Compare any two graphics cards:
GeForce 8800 GT 512MB vs Radeon HD 5670
IntroThe GeForce 8800 GT 512MB has core speeds of 600 MHz on the GPU, and 900 MHz on the 512 MB of GDDR3 RAM. It features 112 SPUs along with 56 Texture Address Units and 16 Rasterization Operator Units.
Compare all that to the Radeon HD 5670, which has a core clock frequency of 775 MHz and a GDDR5 memory frequency of 1000 MHz. It also uses a 128-bit bus, and makes use of a 40 nm design. It features 400(80x5) SPUs, 20 TAUs, and 8 Raster Operation Units.
Power Usage and Theoretical Benchmarks
Power Consumption (Max TDP)
Theoretically, the Radeon HD 5670 should perform a little bit faster than the GeForce 8800 GT 512MB in general. (explain)
Texel RateThe GeForce 8800 GT 512MB should be a lot (more or less 117%) more effective at texture filtering than the Radeon HD 5670. (explain)
Pixel RateThe GeForce 8800 GT 512MB should be much (approximately 55%) faster with regards to full screen anti-aliasing than the Radeon HD 5670, and capable of handling higher resolutions while still performing well. (explain)
Please note that the above 'benchmarks' are all just theoretical - the results were calculated based on the card's specifications, and real-world performance may (and probably will) vary at least a bit.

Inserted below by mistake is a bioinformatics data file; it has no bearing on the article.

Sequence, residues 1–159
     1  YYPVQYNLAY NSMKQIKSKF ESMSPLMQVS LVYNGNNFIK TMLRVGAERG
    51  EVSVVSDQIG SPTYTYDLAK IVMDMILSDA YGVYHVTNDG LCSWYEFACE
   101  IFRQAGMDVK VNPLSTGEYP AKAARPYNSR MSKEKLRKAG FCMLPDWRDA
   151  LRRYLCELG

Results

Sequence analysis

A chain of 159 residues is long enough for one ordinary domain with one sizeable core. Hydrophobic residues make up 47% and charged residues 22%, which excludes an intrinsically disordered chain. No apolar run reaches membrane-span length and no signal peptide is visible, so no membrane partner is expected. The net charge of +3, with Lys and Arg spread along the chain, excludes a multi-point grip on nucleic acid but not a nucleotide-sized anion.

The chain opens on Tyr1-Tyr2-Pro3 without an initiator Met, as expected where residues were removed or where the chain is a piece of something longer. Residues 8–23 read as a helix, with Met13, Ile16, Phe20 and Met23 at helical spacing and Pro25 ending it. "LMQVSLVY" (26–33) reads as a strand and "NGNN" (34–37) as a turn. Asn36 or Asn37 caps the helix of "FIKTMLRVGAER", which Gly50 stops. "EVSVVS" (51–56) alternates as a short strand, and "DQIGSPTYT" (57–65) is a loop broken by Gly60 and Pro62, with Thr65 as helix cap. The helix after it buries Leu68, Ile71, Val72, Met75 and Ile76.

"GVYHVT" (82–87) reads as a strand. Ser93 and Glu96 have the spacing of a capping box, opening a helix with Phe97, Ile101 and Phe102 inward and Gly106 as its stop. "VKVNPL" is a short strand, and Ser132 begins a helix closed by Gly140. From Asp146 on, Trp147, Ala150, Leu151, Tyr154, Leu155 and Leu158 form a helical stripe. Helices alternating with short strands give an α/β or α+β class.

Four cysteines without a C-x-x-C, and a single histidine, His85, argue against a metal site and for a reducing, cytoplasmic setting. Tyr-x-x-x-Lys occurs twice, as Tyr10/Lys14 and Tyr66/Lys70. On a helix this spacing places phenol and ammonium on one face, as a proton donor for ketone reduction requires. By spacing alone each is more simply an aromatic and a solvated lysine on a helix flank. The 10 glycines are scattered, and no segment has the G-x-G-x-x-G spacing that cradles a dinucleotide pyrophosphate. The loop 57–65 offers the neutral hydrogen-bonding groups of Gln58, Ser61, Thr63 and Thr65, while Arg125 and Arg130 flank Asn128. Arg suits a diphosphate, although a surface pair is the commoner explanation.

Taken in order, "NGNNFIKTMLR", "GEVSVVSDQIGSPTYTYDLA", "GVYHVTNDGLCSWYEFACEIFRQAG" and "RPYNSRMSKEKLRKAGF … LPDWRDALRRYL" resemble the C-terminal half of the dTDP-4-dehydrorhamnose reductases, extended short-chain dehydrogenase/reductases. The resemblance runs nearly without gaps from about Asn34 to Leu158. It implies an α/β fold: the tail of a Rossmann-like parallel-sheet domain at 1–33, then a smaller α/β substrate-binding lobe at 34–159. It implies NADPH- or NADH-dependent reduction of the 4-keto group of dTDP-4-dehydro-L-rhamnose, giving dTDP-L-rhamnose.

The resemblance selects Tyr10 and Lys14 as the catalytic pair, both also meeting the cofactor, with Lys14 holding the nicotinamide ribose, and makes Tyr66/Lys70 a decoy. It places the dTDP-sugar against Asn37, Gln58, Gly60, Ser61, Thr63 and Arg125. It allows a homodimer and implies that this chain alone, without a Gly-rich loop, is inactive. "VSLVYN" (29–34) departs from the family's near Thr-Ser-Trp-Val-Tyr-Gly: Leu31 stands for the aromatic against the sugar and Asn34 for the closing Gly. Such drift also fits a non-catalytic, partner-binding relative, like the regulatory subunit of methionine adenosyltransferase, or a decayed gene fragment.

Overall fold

Please note that the price comparisons are based on search keywords - sometimes it might show cards with very similar names that are not exactly the same as the one chosen in the comparison. We do try to filter out the wrong results as best we can, though.
Memory Bandwidth: Memory bandwidth is the largest amount of information (measured in MB per second) that can be transferred over the external memory interface within a second. The number is worked out by multiplying the card's interface width by the speed of its memory. In the case of DDR type memory, it should be multiplied by 2 again. If it uses DDR5, multiply by 4 instead. The higher the bandwidth is, the faster the card will be in general. It especially helps with AA, High Dynamic Range and higher screen resolutions.
Texel Rate: Texel rate is the maximum texture map elements (texels) that can be applied in one second. This figure is calculated by multiplying the total amount of texture units of the card by the core clock speed of the chip. The better the texel rate, the better the video card will be at handling texture filtering (anisotropic filtering - AF). It is measured in millions of texels applied in one second.
Pixel Rate: Pixel rate is the maximum amount of pixels the graphics card can possibly write to the local memory in a second - measured in millions of pixels per second. The number is calculated by multiplying the number of Render Output Units by the the card's clock speed. ROPs (Raster Operations Pipelines - also called Render Output Units) are responsible for drawing the pixels (image) on the screen. The actual pixel rate is also dependant on quite a few other factors, especially the memory bandwidth of the card - the lower the bandwidth is, the lower the ability to get to the max fill rate.